Jamie Loftus takes you through her year in the high-IQ Mensa society, from taking the test as a joke to spending the Fourth of July with 2000 angry Mensans in Phoenix. Chaos reigns, but at least it tests well.
A perfectly-paced show that takes as much time as it needs to tell the story it wants to tell. My Year in Mensa is a perfect example of a story that, if Loftus worked for a big podcast company or partnered with a streaming platform, would've easily been bloated to 12 parts with useless tangents, interviews, and multiple ad breaks per episode.
Instead we get this bite-sized show that's independently made. A wonderful reminder a podcast can be amazing without the $100k+ budgets short-run nonfiction series work with.
The audio quality occasionally shifts, it being obvious whenever Loftus had to re-do a take in a different location or with a different mic, but it's not actively jarring to listen to.
Mid-sentence quality shifts aside, the editing on MYiM is hilarious to the point I was sore from laughing the rest of the day after listening to all four parts in one sitting. Loftus gives Ologies' Alie Ward a run for her money in pitch-perfect deployment of airhorn sound effects.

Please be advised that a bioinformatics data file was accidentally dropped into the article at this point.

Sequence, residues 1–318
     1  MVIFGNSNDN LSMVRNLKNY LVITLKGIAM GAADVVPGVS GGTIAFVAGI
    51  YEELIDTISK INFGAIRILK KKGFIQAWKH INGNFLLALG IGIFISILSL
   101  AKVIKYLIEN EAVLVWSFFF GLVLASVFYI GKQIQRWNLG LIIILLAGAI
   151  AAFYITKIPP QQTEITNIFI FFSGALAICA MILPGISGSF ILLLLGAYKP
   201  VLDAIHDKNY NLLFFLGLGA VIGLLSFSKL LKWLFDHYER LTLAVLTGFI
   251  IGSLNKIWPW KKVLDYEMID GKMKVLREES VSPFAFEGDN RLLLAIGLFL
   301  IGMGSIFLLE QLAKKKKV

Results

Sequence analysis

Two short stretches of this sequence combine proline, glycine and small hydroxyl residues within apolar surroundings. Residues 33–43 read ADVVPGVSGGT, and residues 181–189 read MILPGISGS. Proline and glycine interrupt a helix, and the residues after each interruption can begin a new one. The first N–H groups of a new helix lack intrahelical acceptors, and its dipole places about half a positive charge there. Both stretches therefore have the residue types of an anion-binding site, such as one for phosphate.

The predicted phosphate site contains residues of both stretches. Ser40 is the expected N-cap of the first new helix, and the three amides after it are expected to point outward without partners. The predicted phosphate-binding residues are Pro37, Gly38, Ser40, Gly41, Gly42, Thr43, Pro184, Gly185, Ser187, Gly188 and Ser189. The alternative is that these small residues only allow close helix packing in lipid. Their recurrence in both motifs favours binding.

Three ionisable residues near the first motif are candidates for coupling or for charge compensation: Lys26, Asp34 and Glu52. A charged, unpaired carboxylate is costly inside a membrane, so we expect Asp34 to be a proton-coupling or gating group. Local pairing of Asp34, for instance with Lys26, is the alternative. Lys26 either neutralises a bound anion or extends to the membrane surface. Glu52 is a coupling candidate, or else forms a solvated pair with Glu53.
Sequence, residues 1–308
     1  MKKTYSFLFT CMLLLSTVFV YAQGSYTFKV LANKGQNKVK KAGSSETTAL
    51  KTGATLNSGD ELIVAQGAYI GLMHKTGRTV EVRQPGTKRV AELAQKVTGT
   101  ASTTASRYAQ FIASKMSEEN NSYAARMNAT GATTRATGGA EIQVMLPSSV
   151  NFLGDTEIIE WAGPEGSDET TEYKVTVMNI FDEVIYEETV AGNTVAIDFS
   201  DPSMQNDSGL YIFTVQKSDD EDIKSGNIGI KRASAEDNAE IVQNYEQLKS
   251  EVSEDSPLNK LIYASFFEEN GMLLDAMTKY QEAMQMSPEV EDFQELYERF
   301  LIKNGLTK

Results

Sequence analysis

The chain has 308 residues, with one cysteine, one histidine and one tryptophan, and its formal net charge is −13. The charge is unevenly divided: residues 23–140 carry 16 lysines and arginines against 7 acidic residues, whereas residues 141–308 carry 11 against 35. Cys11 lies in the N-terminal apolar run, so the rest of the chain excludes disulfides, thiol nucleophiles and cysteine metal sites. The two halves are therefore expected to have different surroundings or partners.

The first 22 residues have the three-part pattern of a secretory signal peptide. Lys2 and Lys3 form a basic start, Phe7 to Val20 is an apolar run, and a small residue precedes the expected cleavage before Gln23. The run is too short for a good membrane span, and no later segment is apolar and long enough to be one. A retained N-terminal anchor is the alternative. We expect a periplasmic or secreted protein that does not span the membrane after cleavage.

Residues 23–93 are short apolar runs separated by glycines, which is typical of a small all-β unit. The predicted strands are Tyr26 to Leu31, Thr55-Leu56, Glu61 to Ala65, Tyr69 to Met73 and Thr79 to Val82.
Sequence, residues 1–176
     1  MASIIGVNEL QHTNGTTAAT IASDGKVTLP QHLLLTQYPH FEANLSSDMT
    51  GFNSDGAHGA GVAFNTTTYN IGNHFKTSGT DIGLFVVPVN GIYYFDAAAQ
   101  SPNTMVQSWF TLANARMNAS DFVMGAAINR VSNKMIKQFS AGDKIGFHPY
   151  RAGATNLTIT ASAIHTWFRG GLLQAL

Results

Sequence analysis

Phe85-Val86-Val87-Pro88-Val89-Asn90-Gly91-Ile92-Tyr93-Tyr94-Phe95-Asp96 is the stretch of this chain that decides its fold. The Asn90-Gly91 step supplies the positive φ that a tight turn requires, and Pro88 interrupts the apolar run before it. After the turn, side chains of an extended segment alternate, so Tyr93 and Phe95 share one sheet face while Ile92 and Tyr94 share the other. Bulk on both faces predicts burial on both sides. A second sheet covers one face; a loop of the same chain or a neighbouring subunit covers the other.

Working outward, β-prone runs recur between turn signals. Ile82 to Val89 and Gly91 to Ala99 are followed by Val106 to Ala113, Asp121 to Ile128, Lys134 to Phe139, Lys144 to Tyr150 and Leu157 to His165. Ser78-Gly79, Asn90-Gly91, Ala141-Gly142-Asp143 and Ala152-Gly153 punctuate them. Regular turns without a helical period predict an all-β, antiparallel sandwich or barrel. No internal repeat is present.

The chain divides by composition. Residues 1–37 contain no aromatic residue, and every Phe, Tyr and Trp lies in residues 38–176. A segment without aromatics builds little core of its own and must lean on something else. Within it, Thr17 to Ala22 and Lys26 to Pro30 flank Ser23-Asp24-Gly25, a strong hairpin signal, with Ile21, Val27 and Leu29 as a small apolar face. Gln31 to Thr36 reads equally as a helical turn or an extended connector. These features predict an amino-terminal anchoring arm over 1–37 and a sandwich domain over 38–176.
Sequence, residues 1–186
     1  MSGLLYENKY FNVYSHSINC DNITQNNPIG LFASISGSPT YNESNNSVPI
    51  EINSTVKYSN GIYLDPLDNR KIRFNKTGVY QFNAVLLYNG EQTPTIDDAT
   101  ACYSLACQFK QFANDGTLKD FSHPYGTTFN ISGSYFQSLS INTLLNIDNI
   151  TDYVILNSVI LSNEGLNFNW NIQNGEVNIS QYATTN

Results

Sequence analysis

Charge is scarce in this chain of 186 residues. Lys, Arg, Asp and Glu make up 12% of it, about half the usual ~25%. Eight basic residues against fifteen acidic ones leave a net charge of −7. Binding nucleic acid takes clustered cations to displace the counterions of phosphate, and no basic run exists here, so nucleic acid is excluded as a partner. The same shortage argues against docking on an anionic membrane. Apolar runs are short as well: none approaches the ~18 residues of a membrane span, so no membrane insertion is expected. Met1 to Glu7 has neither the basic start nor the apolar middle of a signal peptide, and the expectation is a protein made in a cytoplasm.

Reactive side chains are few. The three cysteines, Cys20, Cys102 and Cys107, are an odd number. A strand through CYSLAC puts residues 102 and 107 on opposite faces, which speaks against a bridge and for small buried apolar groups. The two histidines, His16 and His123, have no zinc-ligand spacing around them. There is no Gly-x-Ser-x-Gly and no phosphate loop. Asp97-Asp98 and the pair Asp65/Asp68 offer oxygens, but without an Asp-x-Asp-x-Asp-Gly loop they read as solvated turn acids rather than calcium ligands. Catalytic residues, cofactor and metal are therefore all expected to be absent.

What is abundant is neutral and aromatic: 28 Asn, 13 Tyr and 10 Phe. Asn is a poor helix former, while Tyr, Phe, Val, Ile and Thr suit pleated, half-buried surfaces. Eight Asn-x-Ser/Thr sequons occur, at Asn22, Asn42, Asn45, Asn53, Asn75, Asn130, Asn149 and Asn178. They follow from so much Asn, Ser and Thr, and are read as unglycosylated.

Loftus also is real with the audience. She's not busting out the tired performative incompetence hosts of shows like Serial or Reply All have to affect to explain things to the audience. She tells a story, owns to her mistakes and biases as much as she cans, and leaves it up to the audience to come to their own conclusions beyond her own. There's a lot to be said about the toxic self-protective community Mensa has fostered. Loftus has a handful of points to make, presents them in a moving way, and leaves the rest to you.
MYiM is a bite-sized show that can only exist when a producer has the freedom to try goofy things and allow the structure to shift outside the set industry cookie-cutter formats.
For what it is, this podcast is an enjoyable, enlightening listen. Loftus makes you feel like you're her good friend telling you this wacky story about her time in the "high iq" group, Mensa. It's funny, frustrating, and really opened my eyes about how horrible a world those people have created. I will say, if you are looking for a deep dive journalistic journey, this is not it. It's one woman's story told from her personal experience.
Kudos to Loftus for shining a light on such an elitist, exclusive group. Her account is sincere and rich in detail. This was unexpectedly very interesting and a breezy listen! I finished it in two days. Check it out!